• Research and Action Annual Report
    NEWS

    Meeting Teens Where They Are

    In our Research & Action Annual Report 2017, read about how we are leveraging research and action to help teens improve their education, communication, and wellbeing.

    Read our Research & Action Report>>
  • Women's Review of Books
    NEWS

    Longtime Editor Says Farewell in New Women's Review of Books

    January/February 2018

    This issue looks at books about credibility in the age of Trump, gendered labor laws, and more. It will be the last issue curated by Amy Hoffman, M.F.A., who will be sorely missed.

    Read select articles for free>>
  • How a WCW Mentor Adds to a Wellesley Education
    VIDEO

    How a WCW Mentor Adds to a Wellesley Education

    Wellesley College students Rebecca Leu '19 and Katie Madsen '19 share what they've gained from the invaluable working relationship with their WCW mentor, Linda Charmaraman, Ph.D.

    Watch the video>>
  • Lunchtime Seminar Lineup
    NEWS

    Meet, Think, Learn With Us This Spring

    Spring 2018

    Our spring Lunchtime Seminar Series will feature lively discussions on NCAA Women's Basketball, preventing youth depression, activism for scholars, sexual assault prosecution, teacher wellbeing, and child marriage.

    View the lineup and save the dates>>
The Wellesley Centers for Women is a premier women- and gender-focused, social-change oriented research-and-action institute at Wellesley College.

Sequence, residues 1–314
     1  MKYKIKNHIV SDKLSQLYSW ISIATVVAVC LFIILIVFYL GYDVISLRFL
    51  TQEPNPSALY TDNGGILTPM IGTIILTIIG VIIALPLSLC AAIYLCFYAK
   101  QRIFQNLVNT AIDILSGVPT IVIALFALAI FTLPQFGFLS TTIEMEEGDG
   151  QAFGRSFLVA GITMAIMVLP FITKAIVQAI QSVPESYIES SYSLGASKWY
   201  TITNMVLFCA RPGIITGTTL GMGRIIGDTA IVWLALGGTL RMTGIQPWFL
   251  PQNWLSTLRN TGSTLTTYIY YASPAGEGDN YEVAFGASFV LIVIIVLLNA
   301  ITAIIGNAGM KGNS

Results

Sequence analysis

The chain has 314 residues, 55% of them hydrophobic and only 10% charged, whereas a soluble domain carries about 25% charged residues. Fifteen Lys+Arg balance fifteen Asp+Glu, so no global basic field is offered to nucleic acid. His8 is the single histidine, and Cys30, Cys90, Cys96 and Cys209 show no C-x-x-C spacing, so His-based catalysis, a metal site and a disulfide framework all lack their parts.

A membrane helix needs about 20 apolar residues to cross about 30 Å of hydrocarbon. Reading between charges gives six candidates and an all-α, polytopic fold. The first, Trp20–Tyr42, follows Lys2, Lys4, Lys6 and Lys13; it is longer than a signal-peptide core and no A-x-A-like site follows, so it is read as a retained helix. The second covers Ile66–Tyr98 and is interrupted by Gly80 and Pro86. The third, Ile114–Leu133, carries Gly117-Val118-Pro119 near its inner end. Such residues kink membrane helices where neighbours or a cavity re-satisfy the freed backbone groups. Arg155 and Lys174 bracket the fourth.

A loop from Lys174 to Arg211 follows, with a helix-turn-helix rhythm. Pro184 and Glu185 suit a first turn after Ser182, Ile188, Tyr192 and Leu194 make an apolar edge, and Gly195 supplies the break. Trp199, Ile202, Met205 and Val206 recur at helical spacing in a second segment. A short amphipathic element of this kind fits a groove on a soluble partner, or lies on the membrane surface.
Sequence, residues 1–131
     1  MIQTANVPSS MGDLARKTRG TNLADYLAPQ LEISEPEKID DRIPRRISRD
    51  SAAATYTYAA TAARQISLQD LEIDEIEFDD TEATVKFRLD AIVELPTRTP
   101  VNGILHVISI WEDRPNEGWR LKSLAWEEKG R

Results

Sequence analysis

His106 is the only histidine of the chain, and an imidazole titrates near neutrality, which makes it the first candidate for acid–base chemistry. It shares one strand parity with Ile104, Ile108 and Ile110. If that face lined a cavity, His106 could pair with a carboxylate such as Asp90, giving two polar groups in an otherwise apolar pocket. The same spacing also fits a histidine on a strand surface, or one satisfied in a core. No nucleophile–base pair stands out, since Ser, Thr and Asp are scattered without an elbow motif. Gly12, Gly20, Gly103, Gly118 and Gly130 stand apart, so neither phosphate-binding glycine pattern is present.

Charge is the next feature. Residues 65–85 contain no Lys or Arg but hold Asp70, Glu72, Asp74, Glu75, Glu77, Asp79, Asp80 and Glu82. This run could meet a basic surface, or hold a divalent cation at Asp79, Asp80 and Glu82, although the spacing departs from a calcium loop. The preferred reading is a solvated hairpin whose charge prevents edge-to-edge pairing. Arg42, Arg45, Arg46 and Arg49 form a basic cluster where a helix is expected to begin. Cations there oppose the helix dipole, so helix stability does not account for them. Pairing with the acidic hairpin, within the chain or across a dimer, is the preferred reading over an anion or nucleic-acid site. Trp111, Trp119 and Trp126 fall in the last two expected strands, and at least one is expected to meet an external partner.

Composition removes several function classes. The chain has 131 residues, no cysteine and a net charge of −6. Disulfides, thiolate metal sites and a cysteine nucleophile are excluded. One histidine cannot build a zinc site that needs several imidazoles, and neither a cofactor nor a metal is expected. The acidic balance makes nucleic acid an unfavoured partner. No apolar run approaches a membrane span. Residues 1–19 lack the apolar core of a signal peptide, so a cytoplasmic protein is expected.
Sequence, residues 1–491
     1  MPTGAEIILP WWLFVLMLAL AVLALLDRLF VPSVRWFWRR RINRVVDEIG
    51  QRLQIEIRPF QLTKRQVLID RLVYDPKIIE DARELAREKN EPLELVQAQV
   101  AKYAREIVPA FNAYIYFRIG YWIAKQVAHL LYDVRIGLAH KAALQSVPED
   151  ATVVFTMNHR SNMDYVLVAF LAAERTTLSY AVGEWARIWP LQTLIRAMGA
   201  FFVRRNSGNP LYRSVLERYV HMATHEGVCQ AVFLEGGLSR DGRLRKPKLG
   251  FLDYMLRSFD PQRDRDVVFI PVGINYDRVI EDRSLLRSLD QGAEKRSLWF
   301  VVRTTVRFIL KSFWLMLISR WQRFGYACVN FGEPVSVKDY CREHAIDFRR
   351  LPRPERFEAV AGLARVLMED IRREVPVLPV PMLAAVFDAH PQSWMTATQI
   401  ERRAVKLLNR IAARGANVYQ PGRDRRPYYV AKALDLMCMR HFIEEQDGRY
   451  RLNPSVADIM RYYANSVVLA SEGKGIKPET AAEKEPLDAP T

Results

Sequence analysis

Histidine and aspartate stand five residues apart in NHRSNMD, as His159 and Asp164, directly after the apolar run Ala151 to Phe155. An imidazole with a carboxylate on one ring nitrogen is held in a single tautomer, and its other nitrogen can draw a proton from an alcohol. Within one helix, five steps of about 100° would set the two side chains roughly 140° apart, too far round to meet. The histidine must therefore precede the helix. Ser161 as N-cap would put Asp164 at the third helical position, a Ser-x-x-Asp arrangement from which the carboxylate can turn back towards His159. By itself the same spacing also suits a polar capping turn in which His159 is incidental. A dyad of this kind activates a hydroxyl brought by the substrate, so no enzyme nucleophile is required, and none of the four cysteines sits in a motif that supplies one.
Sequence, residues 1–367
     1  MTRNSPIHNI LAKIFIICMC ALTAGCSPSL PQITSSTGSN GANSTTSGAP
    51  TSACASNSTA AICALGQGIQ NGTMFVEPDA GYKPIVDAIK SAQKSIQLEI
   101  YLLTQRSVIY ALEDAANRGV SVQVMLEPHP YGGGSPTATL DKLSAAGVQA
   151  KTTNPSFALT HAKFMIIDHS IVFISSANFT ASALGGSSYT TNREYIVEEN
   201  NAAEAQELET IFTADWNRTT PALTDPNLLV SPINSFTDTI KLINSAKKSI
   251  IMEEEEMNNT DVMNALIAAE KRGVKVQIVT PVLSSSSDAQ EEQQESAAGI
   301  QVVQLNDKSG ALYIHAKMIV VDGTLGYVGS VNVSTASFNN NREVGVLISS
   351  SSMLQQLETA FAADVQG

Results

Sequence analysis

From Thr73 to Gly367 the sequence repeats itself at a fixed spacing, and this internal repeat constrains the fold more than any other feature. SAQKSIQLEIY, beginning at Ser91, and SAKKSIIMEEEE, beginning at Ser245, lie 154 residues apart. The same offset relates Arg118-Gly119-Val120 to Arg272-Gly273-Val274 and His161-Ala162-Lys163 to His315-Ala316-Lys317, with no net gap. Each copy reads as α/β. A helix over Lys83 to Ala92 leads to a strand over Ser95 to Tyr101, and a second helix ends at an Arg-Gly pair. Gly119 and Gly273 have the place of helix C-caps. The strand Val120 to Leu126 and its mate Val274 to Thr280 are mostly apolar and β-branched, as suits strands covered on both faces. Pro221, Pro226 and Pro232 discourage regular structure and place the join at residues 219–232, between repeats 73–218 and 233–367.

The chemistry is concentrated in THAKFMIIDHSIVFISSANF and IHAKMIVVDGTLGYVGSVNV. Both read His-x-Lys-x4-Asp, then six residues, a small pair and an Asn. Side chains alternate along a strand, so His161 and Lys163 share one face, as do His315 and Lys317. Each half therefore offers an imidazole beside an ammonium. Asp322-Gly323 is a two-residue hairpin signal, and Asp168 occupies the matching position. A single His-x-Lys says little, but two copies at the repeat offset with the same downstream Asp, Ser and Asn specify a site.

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Washington Post, November 22, 2017

By Jena McGregor

washingtonpost

A bidder for the Weinstein Co. suggests a rare boardroom set-up: A majority-female board

Washington Post, November 22, 2017

By Jena McGregor

26114998916 4070c47217 zFollowing the fallout from sexual assault and harassment allegations against Harvey Weinstein, the future of the Weinstein Company is uncertain. One woman is looking to acquire the company and make major change -- by installing a majority-female board. As the Washington Post reports, a 2006 study from WCW's Sumru Erkut, Ph.D., revealed that it takes at least three women on a corporate board to develop a critical mass and influence decision-making. Research also suggests that having more women in leadership roles could do more to help solve sexual harassment problems than installing more anti-harassment trainings or policies. While many are excited by the prospect of a female-majority board, researchers stress that this is just a first step and boards would do well to include both men and women from diverse racial and ethnic backgrounds.

Read the full article in the Washington Post.